Not really. Made you look, didn’t I? Ha!
Today’s the last day of my 21-day gratitude challenge. Several others that I know of have participated in some way — thanks, Katie and Michael and Victoria, I appreciate your support — and I hope that others of you have been inspired to explore gratitude in your own lives.
Today I understand that gratitude is a powerful connecting force. It’s simply recognizing the interconnected nature of your life.
Remember, gratitude is a habitual bias that you can cultivate by consciously experiencing it. If you ever have a hard time feeling gratitude, think on this:
At this moment, the vast majority of human beings on this planet don’t have it nearly as good as you do.
Just recognize that you have comfort and freedom and connections beyond the imaginations of much of the world. You don’t have to feel guilty about that, either.
But you might want to do something, like at least have some compassion for the homeless, hungry, malnourished, ill, lonely, hurting, hating, suffering, dying people in this world. And these people aren’t necessarily in Third World countries, in case that image flashed into your mind. They are here among us. They are us.
And every single one of us, until we draw our last breath, has the capacity to grow up and wake up.
I’d say “bless your heart, sweetheart,” but I’m too late. You’re already blessed.
She also said,
Who would you be without your story?
What is the story that keeps you suffering? Can you consider just giving it up and opening to what actually is?
When I first posted about this challenge, I asked you to consider this, from Wikipedia:
A large body of recent work has suggested that people who are more grateful have higher levels of well-being.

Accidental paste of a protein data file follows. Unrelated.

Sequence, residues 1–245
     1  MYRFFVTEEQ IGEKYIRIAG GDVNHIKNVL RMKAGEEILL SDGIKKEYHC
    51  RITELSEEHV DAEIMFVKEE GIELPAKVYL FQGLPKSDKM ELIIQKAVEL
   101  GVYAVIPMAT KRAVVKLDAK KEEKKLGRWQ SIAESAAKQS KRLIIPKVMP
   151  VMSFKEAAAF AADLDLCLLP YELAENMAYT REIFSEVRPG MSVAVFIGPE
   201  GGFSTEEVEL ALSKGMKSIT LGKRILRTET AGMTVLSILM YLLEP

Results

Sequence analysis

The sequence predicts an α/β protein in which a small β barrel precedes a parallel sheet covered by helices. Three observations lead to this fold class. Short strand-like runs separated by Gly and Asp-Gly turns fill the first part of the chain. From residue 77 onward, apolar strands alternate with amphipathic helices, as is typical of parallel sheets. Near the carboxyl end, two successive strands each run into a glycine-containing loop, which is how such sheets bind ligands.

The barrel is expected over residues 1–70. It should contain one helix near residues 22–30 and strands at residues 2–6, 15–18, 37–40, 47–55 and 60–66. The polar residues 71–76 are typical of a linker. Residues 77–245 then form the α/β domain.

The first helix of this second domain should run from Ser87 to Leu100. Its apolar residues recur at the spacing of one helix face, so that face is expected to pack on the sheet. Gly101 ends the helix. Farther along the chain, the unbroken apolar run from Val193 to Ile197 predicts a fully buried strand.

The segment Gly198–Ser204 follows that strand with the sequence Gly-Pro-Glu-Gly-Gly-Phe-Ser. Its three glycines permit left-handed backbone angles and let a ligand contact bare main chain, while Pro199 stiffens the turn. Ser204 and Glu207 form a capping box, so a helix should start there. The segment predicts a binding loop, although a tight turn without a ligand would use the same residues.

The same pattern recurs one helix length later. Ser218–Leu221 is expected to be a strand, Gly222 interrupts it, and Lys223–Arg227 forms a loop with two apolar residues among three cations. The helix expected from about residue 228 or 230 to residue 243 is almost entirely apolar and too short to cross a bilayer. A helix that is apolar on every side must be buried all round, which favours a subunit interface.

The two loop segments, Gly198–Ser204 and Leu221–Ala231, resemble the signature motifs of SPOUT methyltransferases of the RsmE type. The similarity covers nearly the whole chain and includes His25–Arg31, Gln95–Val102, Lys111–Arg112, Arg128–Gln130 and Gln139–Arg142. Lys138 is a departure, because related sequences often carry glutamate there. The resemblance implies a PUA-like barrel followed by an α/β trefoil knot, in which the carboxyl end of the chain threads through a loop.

Grateful people are happier, less depressed, less stressed, and more satisfied with their lives and social relationships.
Grateful people also have higher levels of control of their environments, personal growth, purpose in life, and self-acceptance.
Grateful people have more positive ways of coping with the difficulties they experience in life, being more likely to seek support from other people, reinterpret and grow from the experience, and spend more time planning how to deal with the problem.
Grateful people also have fewer negative coping strategies and are less likely to try to avoid the problem, deny there is a problem, blame themselves, or cope through substance use.
Grateful people sleep better, and this seems to be because they think less negative and more positive thoughts just before going to sleep.
It all happens for your awakening, enlightenment, and joy. There is nothing that is not for us.
Tomorrow is the first day of the Chronic Stress and Trauma Recovery Challenge! Accept the challenge, check in, contribute to the discussion, and support us by following!